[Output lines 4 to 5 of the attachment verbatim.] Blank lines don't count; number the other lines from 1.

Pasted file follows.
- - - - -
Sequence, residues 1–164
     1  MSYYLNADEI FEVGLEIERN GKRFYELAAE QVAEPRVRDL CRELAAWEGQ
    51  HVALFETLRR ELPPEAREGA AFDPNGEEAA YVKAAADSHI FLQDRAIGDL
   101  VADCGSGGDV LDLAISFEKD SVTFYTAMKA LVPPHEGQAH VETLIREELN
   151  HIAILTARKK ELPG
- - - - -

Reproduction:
   101  VADCGSGGDV LDLAISFEKD SVTFYTAMKA LVPPHEGQAH VETLIREELN
   151  HIAILTARKK ELPG